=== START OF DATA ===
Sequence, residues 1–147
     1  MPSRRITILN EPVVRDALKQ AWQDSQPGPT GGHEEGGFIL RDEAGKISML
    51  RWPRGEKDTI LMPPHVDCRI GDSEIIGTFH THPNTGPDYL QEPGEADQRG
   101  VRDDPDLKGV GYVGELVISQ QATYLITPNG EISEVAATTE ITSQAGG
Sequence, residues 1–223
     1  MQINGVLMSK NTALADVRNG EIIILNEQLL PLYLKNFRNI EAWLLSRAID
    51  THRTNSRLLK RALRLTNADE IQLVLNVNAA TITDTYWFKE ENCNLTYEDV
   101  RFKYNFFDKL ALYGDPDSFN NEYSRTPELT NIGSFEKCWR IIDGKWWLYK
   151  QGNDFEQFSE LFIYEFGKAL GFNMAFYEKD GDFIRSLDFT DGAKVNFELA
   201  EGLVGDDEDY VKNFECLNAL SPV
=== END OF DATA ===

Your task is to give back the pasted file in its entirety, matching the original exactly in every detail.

Sequence, residues 1–147
     1  MPSRRITILN EPVVRDALKQ AWQDSQPGPT GGHEEGGFIL RDEAGKISML
    51  RWPRGEKDTI LMPPHVDCRI GDSEIIGTFH THPNTGPDYL QEPGEADQRG
   101  VRDDPDLKGV GYVGELVISQ QATYLITPNG EISEVAATTE ITSQAGG
Sequence, residues 1–223
     1  MQINGVLMSK NTALADVRNG EIIILNEQLL PLYLKNFRNI EAWLLSRAID
    51  THRTNSRLLK RALRLTNADE IQLVLNVNAA TITDTYWFKE ENCNLTYEDV
   101  RFKYNFFDKL ALYGDPDSFN NEYSRTPELT NIGSFEKCWR IIDGKWWLYK
   151  QGNDFEQFSE LFIYEFGKAL GFNMAFYEKD GDFIRSLDFT DGAKVNFELA
   201  EGLVGDDEDY VKNFECLNAL SPV